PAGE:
Boris Tsang/Sun Senior Photographer

Former Cornell Tech visiting lecturer and researcher J. Khadijah Abdurahman alleges that racism was at the root of her recent firing.

April 20, 2021

Visiting Researcher Fired From Cornell Tech, Drawing Widespread Backlash

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Former Cornell Tech visiting lecturer and researcher J. Khadijah Abdurahman is alleging that  she was fired by her colleague in late March because she spoke out against anti-Blackness and ethnic cleansing in Ethiopia. 

According to Abdurahman, Prof. Tapan Parikh, information science, fired her after an online confrontation, which was spurred by a discussion on the syllabus of a mutual colleague on March 23. Angry at Abdurahman’s posts as part of this broader discussion, Parikh sent Abdurahman a series of direct messages on Twitter, which she said were racist, in the letter.

Some of Parikh’s messages were also directed at Abdurahman’s Oromo ethnicity — one of the ethnic groups in Ethiopia. Abdurahman said she only responded to Parikh’s comments by asking to be left alone.

“I got an email the following morning that was two sentences: ‘We should no longer work together right now or in the future and drop off your headset and ID at Cornell Tech,” Abdurahman said.

After her firing, Abdurahman posted an open letter addressed to Cornell Tech online, which circulated on social media. The letter demands that she be reinstated at Cornell Tech and calls for a public apology from Parikh. 

Other demands include a statement on academic freedom from Prof. Greg Morrisett, computer science, the Dean of Cornell Tech, and calls for the human-centered computing and computer science departments to hire a cohort of tenure-tracked Black faculty.

As of Monday evening, the letter has 245 signatures from a range of activists and academics, including some who are affiliated with Cornell Tech. Abdurahman said she sees her firing as part of a larger problem at Cornell Tech, which has no full-time Black faculty, according to her letter.

“What does it mean to found a new graduate technical university and not feel the need to even have any Black faculty at all?” Abdurahman told The Sun. “I think that says it all.”

Parikh did not respond to requests for comment. Dean Morrisett said in the statement Monday that the University had determined that “both parties involved in this matter did not act appropriately and will not be involved in the Milstein Program moving forward.”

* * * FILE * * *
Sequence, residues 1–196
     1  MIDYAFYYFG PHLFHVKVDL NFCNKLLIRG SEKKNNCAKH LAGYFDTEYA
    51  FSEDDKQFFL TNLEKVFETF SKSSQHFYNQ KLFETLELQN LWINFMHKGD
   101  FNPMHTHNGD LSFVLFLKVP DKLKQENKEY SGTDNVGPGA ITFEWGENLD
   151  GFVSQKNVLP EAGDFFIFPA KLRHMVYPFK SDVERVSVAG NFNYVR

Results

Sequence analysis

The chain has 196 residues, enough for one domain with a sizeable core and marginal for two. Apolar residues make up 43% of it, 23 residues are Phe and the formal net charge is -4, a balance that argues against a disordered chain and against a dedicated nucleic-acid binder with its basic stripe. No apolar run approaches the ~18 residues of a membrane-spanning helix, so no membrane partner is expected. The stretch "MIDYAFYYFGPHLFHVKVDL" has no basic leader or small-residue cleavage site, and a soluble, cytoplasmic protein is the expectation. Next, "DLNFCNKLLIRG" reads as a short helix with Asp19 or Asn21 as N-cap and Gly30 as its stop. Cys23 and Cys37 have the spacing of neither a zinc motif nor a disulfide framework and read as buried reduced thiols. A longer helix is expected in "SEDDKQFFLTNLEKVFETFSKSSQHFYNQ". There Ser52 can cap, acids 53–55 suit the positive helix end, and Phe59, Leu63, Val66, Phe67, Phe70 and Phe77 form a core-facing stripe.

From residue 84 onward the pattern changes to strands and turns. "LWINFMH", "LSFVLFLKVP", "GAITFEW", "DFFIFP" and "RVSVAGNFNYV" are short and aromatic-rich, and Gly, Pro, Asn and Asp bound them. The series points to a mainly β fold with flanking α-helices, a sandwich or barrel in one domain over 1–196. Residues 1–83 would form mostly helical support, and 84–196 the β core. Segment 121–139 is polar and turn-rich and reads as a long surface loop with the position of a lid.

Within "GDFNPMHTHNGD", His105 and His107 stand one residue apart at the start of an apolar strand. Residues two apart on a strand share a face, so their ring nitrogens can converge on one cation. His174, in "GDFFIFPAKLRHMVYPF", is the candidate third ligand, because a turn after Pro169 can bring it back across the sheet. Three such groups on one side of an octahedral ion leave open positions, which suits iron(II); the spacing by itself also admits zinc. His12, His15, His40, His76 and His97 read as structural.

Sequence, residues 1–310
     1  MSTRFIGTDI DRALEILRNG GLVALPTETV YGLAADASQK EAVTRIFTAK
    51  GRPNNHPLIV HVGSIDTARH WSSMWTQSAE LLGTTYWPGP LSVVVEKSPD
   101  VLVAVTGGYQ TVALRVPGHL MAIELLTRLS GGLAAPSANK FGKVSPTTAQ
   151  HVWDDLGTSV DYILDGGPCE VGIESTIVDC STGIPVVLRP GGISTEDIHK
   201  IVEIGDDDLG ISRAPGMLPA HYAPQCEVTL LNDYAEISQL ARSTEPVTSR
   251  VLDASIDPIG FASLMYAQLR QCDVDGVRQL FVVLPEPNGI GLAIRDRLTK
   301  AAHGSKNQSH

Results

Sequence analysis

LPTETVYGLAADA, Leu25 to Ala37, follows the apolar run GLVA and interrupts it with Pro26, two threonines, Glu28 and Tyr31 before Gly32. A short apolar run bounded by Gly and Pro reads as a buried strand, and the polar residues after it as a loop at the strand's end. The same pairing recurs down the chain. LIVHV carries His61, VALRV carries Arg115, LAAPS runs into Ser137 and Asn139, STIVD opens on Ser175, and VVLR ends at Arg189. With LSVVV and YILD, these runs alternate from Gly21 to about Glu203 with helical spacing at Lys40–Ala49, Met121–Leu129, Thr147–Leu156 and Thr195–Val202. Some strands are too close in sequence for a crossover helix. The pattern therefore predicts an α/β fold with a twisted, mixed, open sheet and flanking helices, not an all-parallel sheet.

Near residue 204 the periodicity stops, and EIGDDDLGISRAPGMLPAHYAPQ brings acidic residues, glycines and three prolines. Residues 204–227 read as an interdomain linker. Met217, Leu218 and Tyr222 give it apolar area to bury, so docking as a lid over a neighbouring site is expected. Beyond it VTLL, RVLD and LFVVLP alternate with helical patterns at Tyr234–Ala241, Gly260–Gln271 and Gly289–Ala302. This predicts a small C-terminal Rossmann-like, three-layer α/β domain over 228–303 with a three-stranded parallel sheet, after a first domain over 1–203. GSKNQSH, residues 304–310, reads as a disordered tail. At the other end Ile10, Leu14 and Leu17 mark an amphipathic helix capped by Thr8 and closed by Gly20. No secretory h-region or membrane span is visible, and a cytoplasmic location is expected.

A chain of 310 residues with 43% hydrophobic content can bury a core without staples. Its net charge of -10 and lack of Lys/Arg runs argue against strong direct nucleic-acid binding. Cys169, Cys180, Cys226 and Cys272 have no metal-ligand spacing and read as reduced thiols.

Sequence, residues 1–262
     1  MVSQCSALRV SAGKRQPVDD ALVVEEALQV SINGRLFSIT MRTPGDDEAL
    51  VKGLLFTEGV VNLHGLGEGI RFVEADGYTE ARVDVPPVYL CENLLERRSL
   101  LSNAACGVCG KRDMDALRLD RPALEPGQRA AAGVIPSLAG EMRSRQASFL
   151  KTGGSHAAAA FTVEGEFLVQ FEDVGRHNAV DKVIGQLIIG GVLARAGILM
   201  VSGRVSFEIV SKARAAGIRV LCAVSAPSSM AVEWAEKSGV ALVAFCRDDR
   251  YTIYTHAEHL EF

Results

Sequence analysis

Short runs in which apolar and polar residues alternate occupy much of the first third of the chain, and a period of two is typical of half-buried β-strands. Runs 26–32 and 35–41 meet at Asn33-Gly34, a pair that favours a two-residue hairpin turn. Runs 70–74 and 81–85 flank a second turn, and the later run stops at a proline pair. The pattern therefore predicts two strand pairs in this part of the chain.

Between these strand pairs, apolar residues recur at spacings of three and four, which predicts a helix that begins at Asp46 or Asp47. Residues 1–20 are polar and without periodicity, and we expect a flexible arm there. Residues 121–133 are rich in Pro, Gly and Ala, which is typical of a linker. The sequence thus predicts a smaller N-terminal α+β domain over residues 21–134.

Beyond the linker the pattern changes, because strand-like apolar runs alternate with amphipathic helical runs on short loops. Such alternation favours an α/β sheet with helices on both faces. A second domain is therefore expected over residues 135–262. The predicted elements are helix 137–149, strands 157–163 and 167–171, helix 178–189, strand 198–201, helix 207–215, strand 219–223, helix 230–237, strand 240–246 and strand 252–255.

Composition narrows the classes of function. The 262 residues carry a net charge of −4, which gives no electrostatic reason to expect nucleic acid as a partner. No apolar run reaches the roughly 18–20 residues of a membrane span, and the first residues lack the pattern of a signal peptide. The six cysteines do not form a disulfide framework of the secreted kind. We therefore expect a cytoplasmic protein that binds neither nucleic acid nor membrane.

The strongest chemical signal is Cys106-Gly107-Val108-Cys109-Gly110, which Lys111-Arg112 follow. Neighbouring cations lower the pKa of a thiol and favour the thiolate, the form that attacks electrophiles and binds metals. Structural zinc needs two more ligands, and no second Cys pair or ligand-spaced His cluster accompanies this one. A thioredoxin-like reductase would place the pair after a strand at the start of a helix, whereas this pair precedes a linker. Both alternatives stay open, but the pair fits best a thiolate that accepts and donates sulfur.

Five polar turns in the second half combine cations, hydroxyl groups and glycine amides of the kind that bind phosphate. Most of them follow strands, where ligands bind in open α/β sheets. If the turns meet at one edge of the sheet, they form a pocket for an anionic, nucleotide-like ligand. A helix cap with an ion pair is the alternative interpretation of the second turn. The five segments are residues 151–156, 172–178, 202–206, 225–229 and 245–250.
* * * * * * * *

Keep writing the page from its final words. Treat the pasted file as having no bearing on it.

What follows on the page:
“Cornell Tech is deeply dedicated to making the campus and our industry more inclusive and equitable for everyone, and this dialogue makes clear that we still have much work to do,” the statement read.

Abdurahman’s firing shocked some undergraduates in the Milstein Program in Technology and Humanity, many of whom had enjoyed learning from her. 

Jennifer Reed ’23, who is part of the Milstein Program, said they found out about Abdurahman’s firing when another student shared the open letter. Having taken Abdurahman’s course last summer, the news hit Reed especially hard. 

“I really, really loved her course,” they said. “It was actually one of my favorites, which is why some of the news hit me so hard because I felt like she really added something to the program that nobody else did.”

On April 11, Reed and 25 other Milstein students sent an email to two Ithaca-based Milstein program directors, Maja Anderson and Prof. Austin Bunn, performing and media arts, demanding that the University reinstate Abdurahman. Reed explained that they and other students reached out to Adburahman with the idea and that she had given them her approval. 

In response, the group of Milstein students met with Morrisett. Reed said they were not informed before the meeting that the firing decision was not up for debate. 

“We’d come in with questions and stuff like that, but as soon as we hopped on the call, he said, ‘This our decision,’” Reed said. 

Abena Gyasi ’22, a Milstein student who was also present at the meeting, said while Morrisett spoke about promoting diversity and inclusion at Cornell Tech, the harassment Abdurahman had faced didn’t feel taken seriously enough.